• Russia's Putin calls the Internet a 'CIA project'

    Updated: 20 min ago

    MOSCOW (AP) — President Vladimir Putin on Thursday called the Internet a CIA project and made comments about Russia's biggest search engine Yandex, sending the company's shares plummeting. The Kremlin has been anxious to exert greater control over the Internet, which opposition activists — barred from national television — have used to promote their ideas and organize protests. Russia's parliament this week passed a law requiring social media websites to keep their servers in Russia and save all information about their users for at least half a year. Also, businessmen close to Putin now control Russia's leading social media network, VKontakte. Speaking Thursday at a media forum in St.

  • [BC-MCT-NEWS-BJT]

    Updated: 23 min ago

    (MCT) McClatchy-Tribune News Service News Budget for Thursday, April 24, 2014 ^

  • [BC-MCT-NEWSFEATURES-BJT]

    Updated: 23 min ago

    (MCT) McClatchy-Tribune News Service Newsfeatures Budget for Thursday, April 24, 2014 ^

  • US protests Iran's election to UN NGO committee

    Updated: 23 min ago

    UNITED NATIONS (AP) — U.S. Ambassador Samantha Power protested the election of repressive regimes including Iran to the U.N. Committee on Non-governmental Organizations which deals with civil society groups accredited to the United Nations. Iran's U.N. Mission responded Thursday by rejecting "baseless accusations" raised by Power on the status of human rights and civil liberties in the country. Iran was one of 19 members elected Wednesday by the U.N. Economic and Social Council to four-year terms starting Jan. 1, 2015. The others were Burundi, Guinea, Mauritania, South Africa, Sudan, China, India, Pakistan, Azerbaijan, Russia, Cuba, Nicaragua, Uruguay, Venezuela, Greece, Israel, Turkey and the United States.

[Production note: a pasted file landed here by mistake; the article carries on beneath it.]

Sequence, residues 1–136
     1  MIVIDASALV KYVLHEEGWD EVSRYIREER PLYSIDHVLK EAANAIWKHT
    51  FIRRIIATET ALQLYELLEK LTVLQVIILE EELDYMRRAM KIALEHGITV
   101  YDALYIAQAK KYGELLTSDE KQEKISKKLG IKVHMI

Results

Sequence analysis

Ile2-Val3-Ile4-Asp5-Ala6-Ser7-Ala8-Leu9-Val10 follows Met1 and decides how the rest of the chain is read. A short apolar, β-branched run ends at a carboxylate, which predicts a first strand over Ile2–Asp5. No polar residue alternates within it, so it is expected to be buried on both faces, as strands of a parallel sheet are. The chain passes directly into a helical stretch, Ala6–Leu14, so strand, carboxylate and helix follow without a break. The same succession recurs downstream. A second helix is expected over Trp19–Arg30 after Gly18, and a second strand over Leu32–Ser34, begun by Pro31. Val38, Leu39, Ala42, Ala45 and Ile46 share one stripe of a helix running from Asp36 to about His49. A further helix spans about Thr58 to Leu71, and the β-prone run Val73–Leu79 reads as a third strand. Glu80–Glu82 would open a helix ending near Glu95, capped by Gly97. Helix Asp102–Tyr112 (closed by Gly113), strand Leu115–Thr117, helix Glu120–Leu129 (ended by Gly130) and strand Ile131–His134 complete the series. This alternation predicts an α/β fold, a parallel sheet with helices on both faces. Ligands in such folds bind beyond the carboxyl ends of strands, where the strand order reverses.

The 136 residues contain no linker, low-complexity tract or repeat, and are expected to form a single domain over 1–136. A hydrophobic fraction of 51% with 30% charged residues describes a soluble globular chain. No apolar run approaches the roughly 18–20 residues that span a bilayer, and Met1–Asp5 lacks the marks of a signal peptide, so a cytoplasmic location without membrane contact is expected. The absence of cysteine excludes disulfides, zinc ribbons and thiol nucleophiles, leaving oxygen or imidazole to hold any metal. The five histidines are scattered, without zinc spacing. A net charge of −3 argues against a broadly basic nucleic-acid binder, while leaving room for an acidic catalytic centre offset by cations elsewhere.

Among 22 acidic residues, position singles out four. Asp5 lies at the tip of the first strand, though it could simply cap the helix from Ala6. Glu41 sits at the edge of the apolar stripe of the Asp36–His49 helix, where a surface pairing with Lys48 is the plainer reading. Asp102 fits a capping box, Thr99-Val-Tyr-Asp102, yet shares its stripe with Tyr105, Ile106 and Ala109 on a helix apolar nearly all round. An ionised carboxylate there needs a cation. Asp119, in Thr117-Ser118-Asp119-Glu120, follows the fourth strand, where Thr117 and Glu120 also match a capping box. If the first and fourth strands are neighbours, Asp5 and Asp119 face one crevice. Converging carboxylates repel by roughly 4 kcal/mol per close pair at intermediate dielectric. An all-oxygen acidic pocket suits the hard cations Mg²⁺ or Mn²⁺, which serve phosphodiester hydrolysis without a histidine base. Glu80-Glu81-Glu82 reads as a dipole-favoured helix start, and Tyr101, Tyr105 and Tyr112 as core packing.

• [BC-MCT-NEWS-BJT]

    Updated: 23 min ago

    (MCT) McClatchy-Tribune News Service News Budget for Thursday, April 24, 2014 ^

  • [BC-MCT-NEWS-BJT]

    Updated: 23 min ago

    (MCT) McClatchy-Tribune News Service News Budget for Thursday, April 24, 2014 ^

  • Ukraine launches operation against insurgents

    Updated: 23 min ago

    SLOVYANSK, Ukraine (AP) — Ukrainian forces launched an operation Thursday to drive pro-Russia insurgents out of occupied buildings in the country's tumultuous east, prompting new threats from Russian President Vladimir Putin. Within hours of the Ukrainian operation, which killed at least two pro-Russia militants, Russia's defense minister announced new military exercises for troops massed near Ukraine's border. The statements by Putin and Russian Defense Minister Sergei Shoigu sharpened anxiety over the prospect of a new Russian military incursion into Ukraine. Russia's foreign minister warned a day earlier that any attack on Russian citizens or interests in eastern Ukraine would bring a strong response.

  • Panel makes recommendations to stop domestic abuse

    Updated: 24 min ago